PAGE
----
When I fell for one of Ben Lerner’s recommendations in New Yorker Magazine’s The Best Books of 2013, Part 2, Geoffrey G. O’Brien’s poetry volume “People on Sunday,” it was partly because I haven’t read poetry for two months, and partly because Lerner wrote he and O’Brien “argue over every line of each other’s poetry.”
But O’Brien’s book isn’t available as an ebook yet. And for poetry, I like the almost-weightless experience of ebooks, of being able to step easily into one volume, then step easily into another.
It’s not that I’m fickle. It’s just poetry seems a profoundly natural thing, something like wind, always there and ever-varying, something I experience best when sheltered by a veil of twilight, reading shyly, respectfully, taking the words in small doses, then letting time and life hold my hands as I assimilate the work. Carrying a few printed books around feels too anchored, too discrete, too obvious, to me.
So, for now, “People on Sunday” is on a wishlist and I’ve asked that Amazon ask the publisher to offer it as an ebook. Buying it in printed form would almost dictate I wouldn’t read it, something that surprised me, the reaction strong enough not to be knocked down by a hunger to read new poems.
Like I want to close my eyes and sleep past the end of time right now, that’s how Macy felt, at the point where my story of her begins.
To see her then would have been like watching one of those dinner scenes they put in movies.
Directors think these scenes work, just because we all eat. They mix in some words and grins, some shallow viewpoints switching back and forth, some pauses, raisings of eyebrows, chewing (especially in English movies), and maybe a choking on liquid. Maybe, too, a face surreptitiously watching another player. They are non-action scenes.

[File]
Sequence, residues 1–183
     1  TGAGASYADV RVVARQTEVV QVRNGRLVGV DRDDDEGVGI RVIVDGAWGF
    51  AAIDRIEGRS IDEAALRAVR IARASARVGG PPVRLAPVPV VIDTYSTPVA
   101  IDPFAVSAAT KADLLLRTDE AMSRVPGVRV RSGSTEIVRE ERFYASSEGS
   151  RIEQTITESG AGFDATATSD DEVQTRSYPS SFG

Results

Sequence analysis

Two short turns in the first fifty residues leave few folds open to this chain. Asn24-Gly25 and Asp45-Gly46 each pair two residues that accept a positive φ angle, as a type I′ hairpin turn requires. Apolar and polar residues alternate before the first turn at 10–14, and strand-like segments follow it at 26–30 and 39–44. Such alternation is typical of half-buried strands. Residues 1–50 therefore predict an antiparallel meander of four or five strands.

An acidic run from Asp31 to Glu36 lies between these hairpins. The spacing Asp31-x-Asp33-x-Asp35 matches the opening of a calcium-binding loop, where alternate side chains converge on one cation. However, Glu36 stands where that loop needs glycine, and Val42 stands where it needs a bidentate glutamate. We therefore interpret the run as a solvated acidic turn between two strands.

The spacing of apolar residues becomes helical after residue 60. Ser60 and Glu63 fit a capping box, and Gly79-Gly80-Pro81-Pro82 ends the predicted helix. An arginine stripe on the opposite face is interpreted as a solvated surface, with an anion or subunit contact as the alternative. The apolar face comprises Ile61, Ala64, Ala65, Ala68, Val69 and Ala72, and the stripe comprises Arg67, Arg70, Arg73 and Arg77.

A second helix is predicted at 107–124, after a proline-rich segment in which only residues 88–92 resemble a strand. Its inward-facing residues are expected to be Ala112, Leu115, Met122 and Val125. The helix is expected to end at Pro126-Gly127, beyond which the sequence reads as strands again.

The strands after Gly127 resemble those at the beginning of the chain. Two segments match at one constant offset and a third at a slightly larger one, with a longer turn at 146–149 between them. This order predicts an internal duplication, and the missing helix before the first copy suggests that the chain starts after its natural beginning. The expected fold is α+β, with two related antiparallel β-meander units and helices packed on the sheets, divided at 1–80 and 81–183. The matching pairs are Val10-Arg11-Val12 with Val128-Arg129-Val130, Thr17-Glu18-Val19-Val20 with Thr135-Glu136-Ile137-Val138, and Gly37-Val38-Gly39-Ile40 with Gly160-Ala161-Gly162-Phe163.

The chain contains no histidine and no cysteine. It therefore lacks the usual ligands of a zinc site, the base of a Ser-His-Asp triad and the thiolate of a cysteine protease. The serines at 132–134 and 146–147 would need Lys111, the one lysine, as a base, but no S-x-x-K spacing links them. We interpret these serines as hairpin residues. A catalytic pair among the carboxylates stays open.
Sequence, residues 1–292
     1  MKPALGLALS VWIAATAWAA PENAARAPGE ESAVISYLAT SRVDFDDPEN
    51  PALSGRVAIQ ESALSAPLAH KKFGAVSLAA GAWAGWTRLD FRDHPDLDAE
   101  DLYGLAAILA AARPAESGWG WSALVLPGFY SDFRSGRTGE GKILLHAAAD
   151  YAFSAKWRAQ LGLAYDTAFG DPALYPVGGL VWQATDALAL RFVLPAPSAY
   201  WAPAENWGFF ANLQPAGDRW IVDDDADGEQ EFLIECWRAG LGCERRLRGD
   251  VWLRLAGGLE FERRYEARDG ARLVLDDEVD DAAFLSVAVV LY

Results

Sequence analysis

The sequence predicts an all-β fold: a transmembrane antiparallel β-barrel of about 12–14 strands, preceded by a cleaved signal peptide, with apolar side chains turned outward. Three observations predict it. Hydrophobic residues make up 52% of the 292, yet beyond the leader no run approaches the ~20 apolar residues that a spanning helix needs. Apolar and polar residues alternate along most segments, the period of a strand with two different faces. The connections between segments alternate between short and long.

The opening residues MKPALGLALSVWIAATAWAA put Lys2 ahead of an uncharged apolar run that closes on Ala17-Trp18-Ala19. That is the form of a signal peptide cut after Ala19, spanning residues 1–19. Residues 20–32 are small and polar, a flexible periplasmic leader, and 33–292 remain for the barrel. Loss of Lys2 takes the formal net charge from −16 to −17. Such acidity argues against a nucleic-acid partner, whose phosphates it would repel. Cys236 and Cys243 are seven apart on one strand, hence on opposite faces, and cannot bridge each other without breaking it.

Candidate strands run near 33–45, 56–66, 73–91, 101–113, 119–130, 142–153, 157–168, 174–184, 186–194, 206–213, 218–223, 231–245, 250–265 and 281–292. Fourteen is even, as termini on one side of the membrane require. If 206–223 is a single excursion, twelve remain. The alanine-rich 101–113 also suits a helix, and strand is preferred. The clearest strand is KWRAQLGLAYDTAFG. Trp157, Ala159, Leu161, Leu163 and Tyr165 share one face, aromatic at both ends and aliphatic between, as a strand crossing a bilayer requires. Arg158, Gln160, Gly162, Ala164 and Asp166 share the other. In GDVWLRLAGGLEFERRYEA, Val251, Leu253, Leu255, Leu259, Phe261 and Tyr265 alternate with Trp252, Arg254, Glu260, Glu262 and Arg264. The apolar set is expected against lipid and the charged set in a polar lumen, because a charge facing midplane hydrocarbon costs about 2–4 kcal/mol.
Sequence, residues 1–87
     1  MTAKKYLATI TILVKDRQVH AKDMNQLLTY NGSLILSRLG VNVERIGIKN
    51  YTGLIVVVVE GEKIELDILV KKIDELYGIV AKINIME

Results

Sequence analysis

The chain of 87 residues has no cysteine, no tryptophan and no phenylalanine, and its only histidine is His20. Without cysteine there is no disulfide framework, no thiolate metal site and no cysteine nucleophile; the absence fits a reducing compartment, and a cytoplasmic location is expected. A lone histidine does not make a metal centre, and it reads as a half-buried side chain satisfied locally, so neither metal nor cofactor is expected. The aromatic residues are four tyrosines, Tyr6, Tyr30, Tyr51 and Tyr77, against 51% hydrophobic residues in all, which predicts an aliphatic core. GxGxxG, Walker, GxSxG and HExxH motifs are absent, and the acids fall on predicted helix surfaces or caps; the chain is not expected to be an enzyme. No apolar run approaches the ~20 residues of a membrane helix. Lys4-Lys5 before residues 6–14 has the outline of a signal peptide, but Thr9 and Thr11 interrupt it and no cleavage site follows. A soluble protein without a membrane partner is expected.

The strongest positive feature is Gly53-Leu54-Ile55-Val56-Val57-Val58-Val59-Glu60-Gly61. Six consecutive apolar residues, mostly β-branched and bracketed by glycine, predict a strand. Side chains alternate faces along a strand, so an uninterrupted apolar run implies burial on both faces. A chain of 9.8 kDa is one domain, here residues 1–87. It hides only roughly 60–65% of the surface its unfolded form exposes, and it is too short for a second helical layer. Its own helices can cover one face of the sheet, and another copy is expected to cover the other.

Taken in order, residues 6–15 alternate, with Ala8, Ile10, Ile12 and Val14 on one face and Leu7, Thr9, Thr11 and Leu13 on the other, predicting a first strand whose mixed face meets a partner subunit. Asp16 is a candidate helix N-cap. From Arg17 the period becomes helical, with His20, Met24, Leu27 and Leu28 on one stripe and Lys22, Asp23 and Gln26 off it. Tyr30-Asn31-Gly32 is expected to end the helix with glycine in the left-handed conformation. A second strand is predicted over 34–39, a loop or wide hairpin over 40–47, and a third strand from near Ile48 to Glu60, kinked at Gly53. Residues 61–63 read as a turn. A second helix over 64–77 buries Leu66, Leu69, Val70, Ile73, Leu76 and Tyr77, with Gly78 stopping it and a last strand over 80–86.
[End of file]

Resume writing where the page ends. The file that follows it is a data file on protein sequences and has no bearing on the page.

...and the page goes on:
That’s what it seemed like with Macy. Here’s how her story played out that day:
Macy fell onto her bed. She curled into a C.
On the table, she’d put a bowl containing a handful of plums. Both bowl and fruits were plum-colored. The fruits were gold-speckled, too. Macy was going to bite one later. It would be yellow and juicy inside.
After dozing a little, Macy reached backward, feeling around for the bowl. It was heavy. She pulled the O of the bowl into her C. The bowl felt cool. If you had been watching, you’d have thought she slept, then.
You’d have missed the bite she took. Too tired to chew, she swallowed a small chunk of flesh whole. Juice stained a corner of her mouth and dripped sugar into the shadows of her fatigued mind.
You’d have missed the hunter who rose from that golden bite to hover over Macy.
An unjessed gyrefalcon on her shoulder, the hunter had a bow in hand, and a quiver of arrows, fletched by herself with kingfisher feathers, bound to her cantle. The hunter’s toes touched Macy and took sustenance from her.
The hunter rose like a miracle out of Macy’s dream, and stepped forward to search for water. She would have been utterly delighted to find a table already set with a carafe and two silver mugs, and, nearby, some fruit.
But when she stepped forward, she lifted her feet over the sweet-sour gold-speckled plums nestled in the bowl around which Macy had curled, and strode away.